By Greg Care
Most people who have obtained a residency or fellowship position can breathe a sigh of relief after a successful Match Day – your aspirations have been realized and it is now a mere matter of signing a training contract with your program and getting ready to train. But in some instances, that contentment can be interrupted by either the realization that the resident- or fellow-to-be can no longer go through with the Match commitment, or even that the program may now be seeking to void the Match. In either case, the NRMP has policies and procedures for “waiver” (or, in some cases, “deferral”) of Match commitments that must be strictly followed. In many cases, it is critical to have competent advice and guidance in either requesting or opposing a waiver request.
The NRMP’s current Waiver Policy describes the Match waiver process, which is also explained on its “Requesting a Waiver” webpage. Among other things, the policy explains that waivers are available in three circumstances: (1) Ineligibility, i.e., “the applicant is confirmed to be ineligible to begin training in the matched position(s) by the start date”; (2) Hardship, i.e., “the NRMP determines that the fulfillment of the commitment would cause unanticipated, serious, and extreme hardship”; and (3) Change of Specialty/Leaving Medicine, i.e., “an applicant has accepted an advanced position or a fellowship position and has elected to change specialties, subspecialties, or leave medicine and has requested a waiver no later than January 15 before the start of the training year.”
In my experience, most waiver requests involve the first two circumstances. For example, it is not uncommon to see a resident who is set to graduate from residency and has a fellowship lined up become subject to an untimely extension of residency or even dismissal/non-renewal. In those instances, the fellowship program may then seek a waiver on the grounds that the fellow-to-be is ineligible to start the fellowship on time. However, this may be premature, especially if there is still a pending internal due process appeal of the action that would create the ineligibility. It may also be that a deferral of the Match would be better than a complete waiver.
”Unanticipated, serious, and extreme hardship” is also a common grounds for waiver requests. As the quoted text implies, there must be some fairly exceptional circumstances to justify the NRMP deviating from its default of requiring Match participants to honor their Match commitment. For residents and fellows, this might be a new and serious medical condition (for oneself or their family), financial difficulties, or a change in circumstances at the matched program/institution that materially and adversely affects the sought-after training. On the program side of things, waivers are often sought when they believe that the applicant had not disclosed or falsely reported important information about their background, qualifications, or status.
As a resident or a fellow, whether you are on the receiving end of a waiver request or you are the one making the request, it can be a stressful process with pitfalls for the uninitiated.
If your program is seeking a waiver of your Match with them, you will have a very brief period to respond, sometimes as little as five days. So, it is imperative to seek counsel from and experienced advocate as soon as possible. From having handled numerous waiver requests, I know it is important to supply the NRMP with ample fact and policy rationale in opposition to such requests. In some cases, a request for a waiver may also trigger an NRMP investigation for a suspected Match Violation, which must also be addressed properly.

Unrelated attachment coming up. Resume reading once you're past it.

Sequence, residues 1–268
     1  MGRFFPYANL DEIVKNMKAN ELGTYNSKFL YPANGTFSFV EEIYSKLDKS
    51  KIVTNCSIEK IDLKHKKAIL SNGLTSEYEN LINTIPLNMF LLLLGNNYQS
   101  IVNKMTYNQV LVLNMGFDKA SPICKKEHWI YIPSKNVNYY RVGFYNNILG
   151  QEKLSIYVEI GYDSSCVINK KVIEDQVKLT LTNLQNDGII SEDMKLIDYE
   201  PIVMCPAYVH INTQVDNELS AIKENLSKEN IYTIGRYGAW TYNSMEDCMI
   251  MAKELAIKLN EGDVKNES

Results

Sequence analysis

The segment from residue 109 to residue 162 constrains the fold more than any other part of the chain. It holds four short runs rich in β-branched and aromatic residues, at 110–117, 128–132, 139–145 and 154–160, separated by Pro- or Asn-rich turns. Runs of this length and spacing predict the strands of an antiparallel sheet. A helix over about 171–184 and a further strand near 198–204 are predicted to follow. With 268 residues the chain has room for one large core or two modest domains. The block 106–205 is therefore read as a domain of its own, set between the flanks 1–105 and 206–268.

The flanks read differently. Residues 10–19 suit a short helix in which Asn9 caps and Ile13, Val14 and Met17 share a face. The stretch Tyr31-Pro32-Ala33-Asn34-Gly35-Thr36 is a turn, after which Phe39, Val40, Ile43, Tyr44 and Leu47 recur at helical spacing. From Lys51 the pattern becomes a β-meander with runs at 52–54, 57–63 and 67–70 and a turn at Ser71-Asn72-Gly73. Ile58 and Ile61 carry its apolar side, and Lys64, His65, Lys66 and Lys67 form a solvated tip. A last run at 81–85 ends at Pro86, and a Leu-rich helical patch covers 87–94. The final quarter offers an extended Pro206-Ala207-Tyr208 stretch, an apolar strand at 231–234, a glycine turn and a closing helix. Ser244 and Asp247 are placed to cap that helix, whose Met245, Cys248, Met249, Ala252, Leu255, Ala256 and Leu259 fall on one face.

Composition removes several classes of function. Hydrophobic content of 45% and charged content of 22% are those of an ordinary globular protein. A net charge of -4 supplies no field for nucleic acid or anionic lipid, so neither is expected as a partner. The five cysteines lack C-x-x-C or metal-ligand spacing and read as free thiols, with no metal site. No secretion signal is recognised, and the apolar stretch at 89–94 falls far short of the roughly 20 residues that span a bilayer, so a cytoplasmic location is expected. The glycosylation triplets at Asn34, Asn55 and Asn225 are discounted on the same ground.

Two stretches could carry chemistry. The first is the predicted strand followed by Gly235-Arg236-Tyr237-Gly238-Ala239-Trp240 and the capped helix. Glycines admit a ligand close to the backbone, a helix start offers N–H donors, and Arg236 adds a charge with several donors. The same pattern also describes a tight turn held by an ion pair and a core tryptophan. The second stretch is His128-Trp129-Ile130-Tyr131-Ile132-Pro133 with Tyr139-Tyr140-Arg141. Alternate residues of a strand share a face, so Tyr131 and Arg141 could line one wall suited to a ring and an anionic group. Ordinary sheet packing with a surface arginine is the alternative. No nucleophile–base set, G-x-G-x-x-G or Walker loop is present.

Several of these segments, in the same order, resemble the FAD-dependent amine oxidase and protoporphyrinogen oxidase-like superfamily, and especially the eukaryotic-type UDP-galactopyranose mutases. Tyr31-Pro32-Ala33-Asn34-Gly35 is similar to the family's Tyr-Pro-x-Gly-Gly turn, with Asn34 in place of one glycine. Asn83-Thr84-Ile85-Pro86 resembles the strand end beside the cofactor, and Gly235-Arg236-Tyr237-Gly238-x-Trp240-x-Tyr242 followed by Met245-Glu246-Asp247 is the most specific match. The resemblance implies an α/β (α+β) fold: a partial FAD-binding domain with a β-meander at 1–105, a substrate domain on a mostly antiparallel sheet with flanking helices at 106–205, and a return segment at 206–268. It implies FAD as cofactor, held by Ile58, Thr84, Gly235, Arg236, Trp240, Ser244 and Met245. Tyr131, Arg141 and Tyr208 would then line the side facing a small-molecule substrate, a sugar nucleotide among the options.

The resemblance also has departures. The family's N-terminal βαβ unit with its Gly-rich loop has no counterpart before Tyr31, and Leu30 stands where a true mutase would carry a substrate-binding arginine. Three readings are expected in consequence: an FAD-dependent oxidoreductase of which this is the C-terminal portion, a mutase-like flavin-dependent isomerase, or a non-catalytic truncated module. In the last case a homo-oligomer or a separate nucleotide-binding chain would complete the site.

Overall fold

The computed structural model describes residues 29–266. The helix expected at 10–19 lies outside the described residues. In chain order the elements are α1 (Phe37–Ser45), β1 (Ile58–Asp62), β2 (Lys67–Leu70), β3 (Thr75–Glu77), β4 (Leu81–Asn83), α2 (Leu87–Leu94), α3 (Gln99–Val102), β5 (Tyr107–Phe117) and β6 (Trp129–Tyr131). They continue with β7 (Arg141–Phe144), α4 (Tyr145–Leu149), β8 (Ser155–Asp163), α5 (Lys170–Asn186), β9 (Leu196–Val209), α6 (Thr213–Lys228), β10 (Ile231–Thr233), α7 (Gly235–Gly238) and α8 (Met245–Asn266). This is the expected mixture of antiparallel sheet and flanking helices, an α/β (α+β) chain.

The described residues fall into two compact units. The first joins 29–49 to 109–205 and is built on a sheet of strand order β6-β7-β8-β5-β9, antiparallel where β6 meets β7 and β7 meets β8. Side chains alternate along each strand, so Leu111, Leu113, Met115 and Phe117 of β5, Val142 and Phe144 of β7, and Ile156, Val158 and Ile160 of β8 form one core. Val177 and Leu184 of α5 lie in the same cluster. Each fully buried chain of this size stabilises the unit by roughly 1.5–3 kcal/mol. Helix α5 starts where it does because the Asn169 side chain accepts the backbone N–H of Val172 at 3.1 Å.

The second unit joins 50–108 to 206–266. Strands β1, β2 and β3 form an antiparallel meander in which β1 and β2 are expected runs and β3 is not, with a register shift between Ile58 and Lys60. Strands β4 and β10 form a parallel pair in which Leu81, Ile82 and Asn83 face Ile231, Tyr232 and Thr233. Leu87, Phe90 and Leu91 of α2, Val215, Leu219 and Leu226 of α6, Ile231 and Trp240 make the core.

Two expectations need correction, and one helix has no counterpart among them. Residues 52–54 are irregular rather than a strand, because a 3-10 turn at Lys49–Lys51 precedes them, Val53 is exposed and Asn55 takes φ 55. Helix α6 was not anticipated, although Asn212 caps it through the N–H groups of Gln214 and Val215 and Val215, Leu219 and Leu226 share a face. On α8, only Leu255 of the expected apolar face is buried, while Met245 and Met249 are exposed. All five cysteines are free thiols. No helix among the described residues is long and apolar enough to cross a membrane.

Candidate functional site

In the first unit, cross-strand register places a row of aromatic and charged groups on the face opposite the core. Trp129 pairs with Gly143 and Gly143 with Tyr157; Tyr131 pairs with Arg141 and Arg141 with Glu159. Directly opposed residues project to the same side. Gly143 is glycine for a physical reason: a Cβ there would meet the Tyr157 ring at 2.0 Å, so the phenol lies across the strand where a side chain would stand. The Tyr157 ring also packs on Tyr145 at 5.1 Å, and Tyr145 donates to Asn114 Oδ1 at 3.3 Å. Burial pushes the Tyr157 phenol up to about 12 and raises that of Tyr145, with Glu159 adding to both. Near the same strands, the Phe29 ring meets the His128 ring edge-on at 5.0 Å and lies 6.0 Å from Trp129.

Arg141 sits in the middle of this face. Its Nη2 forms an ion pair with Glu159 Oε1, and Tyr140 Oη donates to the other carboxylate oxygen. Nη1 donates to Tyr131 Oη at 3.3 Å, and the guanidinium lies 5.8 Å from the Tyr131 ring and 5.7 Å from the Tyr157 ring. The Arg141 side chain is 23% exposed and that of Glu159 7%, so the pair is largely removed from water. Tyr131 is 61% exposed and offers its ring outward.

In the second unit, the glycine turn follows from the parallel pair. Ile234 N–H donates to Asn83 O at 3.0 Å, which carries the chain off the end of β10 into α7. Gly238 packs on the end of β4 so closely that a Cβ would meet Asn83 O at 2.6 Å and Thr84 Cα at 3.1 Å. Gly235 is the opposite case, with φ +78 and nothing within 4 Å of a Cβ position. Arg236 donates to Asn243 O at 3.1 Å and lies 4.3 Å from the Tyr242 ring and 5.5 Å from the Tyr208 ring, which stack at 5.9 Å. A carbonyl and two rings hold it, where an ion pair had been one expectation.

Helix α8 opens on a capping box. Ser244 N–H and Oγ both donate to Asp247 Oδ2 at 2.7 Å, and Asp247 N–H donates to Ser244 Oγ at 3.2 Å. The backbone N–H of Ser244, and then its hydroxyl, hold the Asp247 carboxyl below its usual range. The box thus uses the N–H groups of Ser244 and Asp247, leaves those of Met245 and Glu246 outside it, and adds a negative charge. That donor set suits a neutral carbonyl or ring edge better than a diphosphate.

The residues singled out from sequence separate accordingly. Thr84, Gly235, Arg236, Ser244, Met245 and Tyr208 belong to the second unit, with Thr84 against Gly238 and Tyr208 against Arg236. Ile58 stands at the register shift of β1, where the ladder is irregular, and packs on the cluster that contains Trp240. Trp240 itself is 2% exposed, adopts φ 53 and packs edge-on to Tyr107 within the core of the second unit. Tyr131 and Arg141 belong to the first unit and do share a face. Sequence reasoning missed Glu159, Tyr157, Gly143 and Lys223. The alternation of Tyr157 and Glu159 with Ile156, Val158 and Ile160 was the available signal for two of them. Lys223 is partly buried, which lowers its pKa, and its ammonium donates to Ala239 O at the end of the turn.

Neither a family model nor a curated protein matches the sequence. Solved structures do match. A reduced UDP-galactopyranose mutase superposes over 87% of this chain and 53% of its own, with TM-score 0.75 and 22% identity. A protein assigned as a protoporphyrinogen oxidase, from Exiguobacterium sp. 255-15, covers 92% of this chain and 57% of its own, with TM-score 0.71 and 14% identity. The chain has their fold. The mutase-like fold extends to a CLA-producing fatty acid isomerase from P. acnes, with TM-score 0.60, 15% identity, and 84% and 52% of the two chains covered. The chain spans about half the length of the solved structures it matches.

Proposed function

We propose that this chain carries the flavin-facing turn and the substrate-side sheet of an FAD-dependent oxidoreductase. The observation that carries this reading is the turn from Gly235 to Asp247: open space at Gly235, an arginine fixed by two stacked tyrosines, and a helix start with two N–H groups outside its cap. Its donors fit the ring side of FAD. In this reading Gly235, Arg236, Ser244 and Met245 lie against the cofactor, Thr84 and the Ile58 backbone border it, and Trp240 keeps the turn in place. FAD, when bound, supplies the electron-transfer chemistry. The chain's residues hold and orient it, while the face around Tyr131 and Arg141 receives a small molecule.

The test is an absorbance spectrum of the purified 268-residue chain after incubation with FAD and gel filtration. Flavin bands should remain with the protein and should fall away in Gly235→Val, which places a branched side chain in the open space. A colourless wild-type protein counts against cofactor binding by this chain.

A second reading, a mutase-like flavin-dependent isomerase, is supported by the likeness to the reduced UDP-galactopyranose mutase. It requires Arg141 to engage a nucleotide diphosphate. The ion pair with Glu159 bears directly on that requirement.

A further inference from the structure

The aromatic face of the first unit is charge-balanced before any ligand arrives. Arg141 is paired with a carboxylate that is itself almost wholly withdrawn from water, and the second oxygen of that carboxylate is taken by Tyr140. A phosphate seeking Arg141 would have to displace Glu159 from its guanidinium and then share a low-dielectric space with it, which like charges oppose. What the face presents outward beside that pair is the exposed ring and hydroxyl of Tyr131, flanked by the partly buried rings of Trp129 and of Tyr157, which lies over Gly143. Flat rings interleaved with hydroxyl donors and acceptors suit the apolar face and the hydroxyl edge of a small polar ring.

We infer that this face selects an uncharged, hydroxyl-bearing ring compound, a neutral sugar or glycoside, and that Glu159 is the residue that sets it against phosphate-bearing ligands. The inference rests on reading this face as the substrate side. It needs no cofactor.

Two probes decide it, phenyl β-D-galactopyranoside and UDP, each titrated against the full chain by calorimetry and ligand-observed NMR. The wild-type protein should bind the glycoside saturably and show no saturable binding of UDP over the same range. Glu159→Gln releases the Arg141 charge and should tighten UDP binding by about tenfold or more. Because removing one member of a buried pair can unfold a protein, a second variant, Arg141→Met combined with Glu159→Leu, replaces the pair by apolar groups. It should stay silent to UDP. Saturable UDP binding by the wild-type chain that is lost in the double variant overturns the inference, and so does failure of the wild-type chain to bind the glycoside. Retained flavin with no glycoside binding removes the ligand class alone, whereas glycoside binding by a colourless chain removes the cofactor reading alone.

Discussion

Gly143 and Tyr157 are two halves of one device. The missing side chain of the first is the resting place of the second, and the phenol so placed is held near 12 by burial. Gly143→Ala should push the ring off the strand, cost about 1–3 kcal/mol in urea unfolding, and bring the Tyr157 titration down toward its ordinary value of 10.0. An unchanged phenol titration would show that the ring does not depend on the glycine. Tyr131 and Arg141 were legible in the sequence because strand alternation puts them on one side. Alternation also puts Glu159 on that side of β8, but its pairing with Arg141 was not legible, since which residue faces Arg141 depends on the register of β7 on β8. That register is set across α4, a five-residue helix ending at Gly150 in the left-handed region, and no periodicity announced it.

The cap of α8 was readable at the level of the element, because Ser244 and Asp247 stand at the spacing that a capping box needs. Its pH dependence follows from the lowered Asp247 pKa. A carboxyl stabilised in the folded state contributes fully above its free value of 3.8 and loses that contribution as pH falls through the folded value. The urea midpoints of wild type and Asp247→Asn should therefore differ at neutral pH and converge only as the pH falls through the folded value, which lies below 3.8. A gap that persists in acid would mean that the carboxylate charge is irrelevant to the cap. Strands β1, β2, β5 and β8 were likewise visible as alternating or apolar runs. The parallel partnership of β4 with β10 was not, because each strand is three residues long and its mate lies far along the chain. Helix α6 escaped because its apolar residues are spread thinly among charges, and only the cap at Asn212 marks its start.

Likewise, if you are seeking a waiver of your Match commitment with a program, it is critical to have a detailed and relevant explanation—citing key facts and policy—to support your request. This requires careful planning that is best started in collaboration with experienced counsel as soon as possible after the need for a waiver becomes apparent.
The current Waiver Policy, adopted in September 2021, differs from the prior version in some important ways. A new provision now limits applicants to a total of three waiver approvals and warns that “[a]pplicants requesting subsequent waivers may be subject to a violation investigation by the NRMP.” It is also now less clear that, as in the past, when the NRMP granted a waiver to a program based on circumstances that suggested a possible Match Violation by the applicant, no violation investigation would be pursued.
There are other factors to consider, including that if a waiver is granted, the party who opposed the waiver can seek reconsideration (unless the waiver was due to ineligibility). Unlike when the NRMP finds a Match Violation, final decisions on waiver requests cannot be appealed beyond reconsideration or arbitrated. Deferral can be an alternative to a waiver if both parties to the match are in agreement. Bear in mind that only the NRMP can grant a waiver; applicants and programs aren’t permitted to release one another on their own.
Navigating this process can be challenging. Missteps or inaction can have lasting consequences, especially since the NRMP reserves the right to begin a Match Violation investigation related to issues relating to waiver requests. Confirmed violations can lead to sanctions, including being excluded from the Match for a period of years.
It can make all the difference to have an experienced hand guiding you through this process. I would urge all medical students, residents, and fellows who are seeking or opposing waiver requests to reach out to see how we may be able to assist.
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